As a business owner or manager, you hire employees on a regular basis. Many employers in Saskatchewan fail to realize the importance of having well-drafted and legally enforceable written employment contracts in place.
Contracts are designed to define the employee-employer relationship and protect your interests should there be any dispute or the need to terminate a particular employee. Terminating an employee can be one of the most time-consuming and expensive endeavors for an employer, particularly a small or medium business that has not budgeted for it.
THE IMPORTANCE OF A PROPERLY-DRAFTED EMPLOYMENT CONTRACT
When there is no written employment contract or it is poorly written or executed, there will often be a dispute that must be resolved in court. Courts generally utilize the common law system to resolve cases. Judges rely primarily on prior case law which can be unpredictable, and therefore risky for employers. For this reason, it is best to implement an employment contract that clearly states the expectations, rights, and responsibilities of all parties.
THE IMPORTANCE OF CONSIDERATION IN EMPLOYMENT CONTRACTS
In addition, such a contract should be properly executed prior to the employee starting his or her employment. In order for any contract to be valid, there must be offer, acceptance, and consideration. In the case of an employee, the employee is signing and returning the employment contract or offer letter in exchange for being hired into a position. It is therefore important that an employer negotiates and finalizes the terms of the employment in advance of the employee starting work. This will prevent the employee later arguing that you cannot enforce the contract or a term of the contract, in the event there is a dispute.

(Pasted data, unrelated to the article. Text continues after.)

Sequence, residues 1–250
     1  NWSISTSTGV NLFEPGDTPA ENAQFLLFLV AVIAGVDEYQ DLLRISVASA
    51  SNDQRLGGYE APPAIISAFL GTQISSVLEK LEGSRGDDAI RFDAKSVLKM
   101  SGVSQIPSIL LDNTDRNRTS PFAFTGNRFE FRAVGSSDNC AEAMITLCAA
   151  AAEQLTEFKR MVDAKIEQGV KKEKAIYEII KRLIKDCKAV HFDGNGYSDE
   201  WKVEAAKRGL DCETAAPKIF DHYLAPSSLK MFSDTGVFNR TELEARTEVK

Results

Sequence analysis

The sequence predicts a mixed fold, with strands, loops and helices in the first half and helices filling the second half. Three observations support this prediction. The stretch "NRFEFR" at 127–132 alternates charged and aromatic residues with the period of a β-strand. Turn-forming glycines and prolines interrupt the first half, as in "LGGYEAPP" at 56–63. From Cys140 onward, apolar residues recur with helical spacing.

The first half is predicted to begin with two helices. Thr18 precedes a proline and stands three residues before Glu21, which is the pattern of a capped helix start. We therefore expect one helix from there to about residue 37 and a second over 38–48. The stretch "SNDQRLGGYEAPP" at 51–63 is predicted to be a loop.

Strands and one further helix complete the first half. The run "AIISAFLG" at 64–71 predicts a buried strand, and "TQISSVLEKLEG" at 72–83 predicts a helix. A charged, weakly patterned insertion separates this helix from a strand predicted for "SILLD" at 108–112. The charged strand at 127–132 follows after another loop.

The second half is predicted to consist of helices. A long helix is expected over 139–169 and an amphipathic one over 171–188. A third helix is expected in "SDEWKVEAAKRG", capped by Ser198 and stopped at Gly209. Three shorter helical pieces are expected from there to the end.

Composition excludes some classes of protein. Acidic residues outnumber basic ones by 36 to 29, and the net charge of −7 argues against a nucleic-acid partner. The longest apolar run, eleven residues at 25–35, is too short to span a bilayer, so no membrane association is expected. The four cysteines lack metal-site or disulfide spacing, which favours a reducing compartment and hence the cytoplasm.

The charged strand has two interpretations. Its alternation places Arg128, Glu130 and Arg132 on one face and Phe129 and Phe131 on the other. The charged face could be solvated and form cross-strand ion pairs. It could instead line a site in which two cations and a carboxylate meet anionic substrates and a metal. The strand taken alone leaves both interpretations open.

If you are looking to have an existing employee sign a new contract, continued employment is not a consideration for the new employment contract. In this case, it is best to contact an employment lawyer to discuss your options.
WHAT TO INCLUDE IN EMPLOYMENT CONTRACTS
Employment agreements, like other contracts, must include details that define the relationship. The scope of the contract should clearly outline specifics such as an offer of employment, non-compete clause, non-solicitation agreement, confidentiality statements, termination provisions, and employer severance pay obligations. You are well-advised to clearly outline the employee’s roles, rights, and responsibilities so as to avoid disputes later on. An employment contract is an opportunity to protect your business-do not miss it! Termination, non-solicitation, and non-compete provisions must be carefully drafted in order for you to rely on them in the event of a dispute. Do not attempt to draft them yourself or pull one from the internet. Invest the time and money to have an employment lawyer either draft or review these provisions, to ensure your business is protected.
Inclusion of a Termination Clause
A termination clause is arguably the most important part of an employment contract as it covers an employer’s severance obligations upon terminating an employee. The Courts have been clear that termination clauses will be heavily scrutinized to ensure that they are legally enforceable. Like non-solicitation and non-compete clauses, termination clauses must be drafted carefully to comply with the law in Saskatchewan. This requires the expertise of an employment lawyer who specializes in drafting these types of clauses. Again, it is a bad idea to attempt to draft these clauses on your own or copy one from the internet. The last thing your business needs is to try rely on a termination clause that is not legally enforceable, and waste significant time and legal expenses in the process.
TALK TO AN EXPERIENCED EMPLOYMENT LAWYER
It is important to have an employment contract in place for all your employees. It is wise to have employment contracts, letters, and agreements drafted by a lawyer who specializes in employment law. Your lawyer will review all of your needs and ensure that the employment contract includes all of the necessary provisions to protect your interests both during and after the employment relationship. Avoid writing your own contract or utilizing templates, because this will likely cause more problems than it will solve.